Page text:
I would be lying if I said I was the least bit interested in watching “Teer Enta (Fly Now), Ahmed Mekki’s follow-up to last year’s sleeper hit “H Dabbour.
For starters, it seemed to be that I was the one person in this country who thought that “Dabbour was unfunny. Mekki had real talent but “Dabbour was a dreary affair; nothing more than a quick cash-in on Mekki’s signature character from popular sitcom “Tamer & Shawkeya that relied on tired formulas and forgettable one-liners.
The limited publicity for “Teer Enta didn’t bode well either. Armed with a mildly amusing rap video about “finding your strength, the trailer didn’t attempt to mask the fact that the film is a remake of Harold Ramis’s ill-fated flop “Bedazzled (2000) which itself was a remake of Stanley “Singin’ in the Rain Donen’s 1967 comedy classic starring Peter Cook and Dudley Moore.
The last thing I was looking for was another inane remake, but I must confess I was quite mistaken with my preconceptions of “Teer Enta , which is easily the funniest comedy of the year; a big, dumb laugh-fest that doesn’t pretend to be otherwise.
Adhering closely to the storyline of both films and the disjointed structure of the original Donen story, Mekki plays Dr Bahig, a lonely veterinarian whose two main passions are animals and uttering words that haven’t been in use since the 1919 revolution.
Raised by his grandpa, Bahig grows to be an introvert with little life experience. But his world goes haywire when he falls head-over-heels with Leila (Donia Samir Ghanem), a pretty dog owner whom he watches from afar, never daring to divulge his feelings for her.
On the eve of his birthday, a benign, chubby genie named Mared (Maged El-Kedwany) offers him seven wishes. Mared has been stuck in genie prep school for more than 100 years, always failing to deliver a successful graduation project. If he succeeds in his mission, namely to provide Bahig with adequate assets to make Leila fall in love with him, Bahig will be obliged to sign a document indicating that Mared passed the test, enabling him to finally graduate.
From then on, the non-stop hilarity begins. Assuming a multitude of characters, from the cooler than cool physical fitness buff and the overly sentimental, Tamer Hosni-like pop singer to the filthy-rich Arab who looks like the lost sibling of Winnie the Pooh and the pitiless southern thug who occasionally calls his wife “baby, Mekki, with a larger-than-life, over-the-top characterization, toys with every conceivable stereotype there is and turns it on its head.
Ghanem, although nowhere on the same level as Mekki, provides a nice support nonetheless and even manages to upstages him at one point with the most hilariously spot-on Egyptianized English accent I’ve heard.
Scripted by Omar Taher, author of the hugely popular sarcastic non-fiction “Shaklaha Bazet (Looks like It’s Gone Bad) and “Captain Masr , the film steers away from the moralizing tendencies of “Captain Masr and some of his latter writings and focuses strictly on the laughs.
The tone of the comedy is more sardonic than mirthful, relying on mockery than creating vacant situations for Mekki to run amok like Mohamed Saad and Heindi before him. This approach proves to be a gold mine for jokes that feel fresh, inventive and volatile in several segments.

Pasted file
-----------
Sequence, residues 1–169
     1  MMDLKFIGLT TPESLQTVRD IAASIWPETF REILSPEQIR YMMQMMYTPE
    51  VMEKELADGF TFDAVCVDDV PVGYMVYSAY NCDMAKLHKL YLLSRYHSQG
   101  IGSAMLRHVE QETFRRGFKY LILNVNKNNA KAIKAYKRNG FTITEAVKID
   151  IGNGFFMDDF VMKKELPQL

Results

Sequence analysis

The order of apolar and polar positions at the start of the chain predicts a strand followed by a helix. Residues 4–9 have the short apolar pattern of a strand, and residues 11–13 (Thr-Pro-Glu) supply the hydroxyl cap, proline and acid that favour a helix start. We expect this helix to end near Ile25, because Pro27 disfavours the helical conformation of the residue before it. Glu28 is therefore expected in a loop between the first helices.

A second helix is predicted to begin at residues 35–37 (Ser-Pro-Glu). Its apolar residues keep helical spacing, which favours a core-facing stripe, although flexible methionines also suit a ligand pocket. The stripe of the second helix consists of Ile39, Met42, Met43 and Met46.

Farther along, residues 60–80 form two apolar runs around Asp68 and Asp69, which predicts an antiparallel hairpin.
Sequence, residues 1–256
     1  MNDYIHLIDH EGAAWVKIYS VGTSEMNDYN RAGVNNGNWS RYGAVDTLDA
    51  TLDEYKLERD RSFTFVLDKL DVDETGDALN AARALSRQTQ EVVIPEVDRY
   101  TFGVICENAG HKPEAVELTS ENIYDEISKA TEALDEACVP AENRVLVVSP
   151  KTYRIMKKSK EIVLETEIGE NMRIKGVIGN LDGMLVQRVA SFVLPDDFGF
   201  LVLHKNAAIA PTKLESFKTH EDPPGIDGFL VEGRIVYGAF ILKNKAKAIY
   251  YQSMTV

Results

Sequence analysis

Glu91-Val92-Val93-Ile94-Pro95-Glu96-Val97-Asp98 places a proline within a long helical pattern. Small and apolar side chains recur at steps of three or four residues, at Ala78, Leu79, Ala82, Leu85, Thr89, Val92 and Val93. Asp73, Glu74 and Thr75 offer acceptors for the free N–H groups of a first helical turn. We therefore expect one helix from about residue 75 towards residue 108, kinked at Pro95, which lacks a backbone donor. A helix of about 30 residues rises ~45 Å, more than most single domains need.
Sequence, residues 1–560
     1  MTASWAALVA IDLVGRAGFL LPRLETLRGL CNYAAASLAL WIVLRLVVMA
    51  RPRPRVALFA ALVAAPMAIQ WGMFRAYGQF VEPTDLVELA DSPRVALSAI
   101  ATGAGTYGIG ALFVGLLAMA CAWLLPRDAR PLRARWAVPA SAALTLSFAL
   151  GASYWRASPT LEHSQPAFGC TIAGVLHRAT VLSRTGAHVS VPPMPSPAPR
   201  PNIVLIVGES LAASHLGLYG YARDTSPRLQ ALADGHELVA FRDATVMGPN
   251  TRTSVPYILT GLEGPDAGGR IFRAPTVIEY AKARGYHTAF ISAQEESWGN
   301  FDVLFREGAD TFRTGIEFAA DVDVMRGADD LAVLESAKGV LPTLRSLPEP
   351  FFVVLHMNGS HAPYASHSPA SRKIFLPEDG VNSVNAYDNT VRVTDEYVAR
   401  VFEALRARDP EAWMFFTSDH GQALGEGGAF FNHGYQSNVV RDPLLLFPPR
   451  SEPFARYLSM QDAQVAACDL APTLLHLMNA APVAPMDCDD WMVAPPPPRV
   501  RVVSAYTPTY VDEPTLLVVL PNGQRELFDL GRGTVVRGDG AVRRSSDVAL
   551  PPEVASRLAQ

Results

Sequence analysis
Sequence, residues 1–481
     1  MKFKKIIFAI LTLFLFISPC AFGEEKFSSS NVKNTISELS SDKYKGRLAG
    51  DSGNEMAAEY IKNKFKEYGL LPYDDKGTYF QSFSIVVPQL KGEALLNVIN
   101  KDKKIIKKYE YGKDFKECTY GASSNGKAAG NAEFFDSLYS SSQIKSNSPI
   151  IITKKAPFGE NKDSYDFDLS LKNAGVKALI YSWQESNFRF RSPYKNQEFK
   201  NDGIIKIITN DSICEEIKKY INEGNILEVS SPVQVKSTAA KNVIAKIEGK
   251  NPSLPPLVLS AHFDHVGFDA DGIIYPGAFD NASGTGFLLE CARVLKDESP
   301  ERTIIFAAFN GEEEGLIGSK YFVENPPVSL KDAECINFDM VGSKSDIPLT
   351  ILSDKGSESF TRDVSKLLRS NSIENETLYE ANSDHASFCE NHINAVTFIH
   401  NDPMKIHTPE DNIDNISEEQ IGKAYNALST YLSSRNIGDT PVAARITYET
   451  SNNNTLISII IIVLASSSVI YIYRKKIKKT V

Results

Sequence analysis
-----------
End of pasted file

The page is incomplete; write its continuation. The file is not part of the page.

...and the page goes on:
“Teer Enta is shockfull of pop culture references impossible to translate outside the borders of this country. And herein lies the film’s biggest strength and the source of its biggest laughs. Picture any of pop culture’s hallmarks of the past 20 years and you’ll probably find them in there: Turkish soap opera “Noor, cheesy Kleenex ads, gushy love guru Osama Mounir, the candid camera, Jad Shwery. you name it. There are also some allusions to real-life events such as the internet blackout and a certain football incident that left me laughing hysterically.
The satire aside, the film, nevertheless, doesn’t descend into the self-important trap Ahmed Helmy fell into in his last film Alf Mabrouk . Director Ahmed El Guindy encloses the film with a frivolous, carefree aura augmented with a lovely soundtrack featuring Francis Lai’s famous theme from Claude Lelouch’s “Un homme et une femme and Leonard Cohen’s “Dance Me to the End of Love. Despite the predictability of Bahig and Leila’s romance, there’s something sweet and charming about it that would justify your unavoidable chuckling at the end.
Unlike “Teer Enta, the comedy of the original Donen film was dry and low key. Although the film didn’t age well, the aptitude of Peter Cook to spew wackiness out of the ordinary drew multitudes of comedy lovers throughout the years to the film.
Yet, the clear drawback of “Bedazzled, and consequently “Teer Enta is its episodic structure and wobbly narrative line.
Both films are fundamentally comprised of a number of sketches punctuated by invariable intervals that do nothing apart from introducing the following sketch. The jokes don’t function as the motor of the narrative, simply because there isn’t one. The jokes are the movie and there’s nothing much more to it, which’s not a bad thing when such gags – which always hit their target – are fired so rapidly.
“Teer Enta is 100 minutes of non-stop laughter. In fact, I can hardly remember a moment in the film when I wasn’t laughing my head off. The end, as expected, is too conclusive but thankfully, the obligatory message is never overbearing, constituting only five minutes of the entire duration of the film.
Don’t except Tati or Blake Edwards or Monicelli when you go watch this film; “Teer Enta doesn’t have the DNA of a classic comedy. Simply put, it’s the flavor of the week, and after experiencing the bloodiest, gloomiest and over-all most feel-bad summer film season in years, it’s such a relief to finally watch a film that does know how to entertain.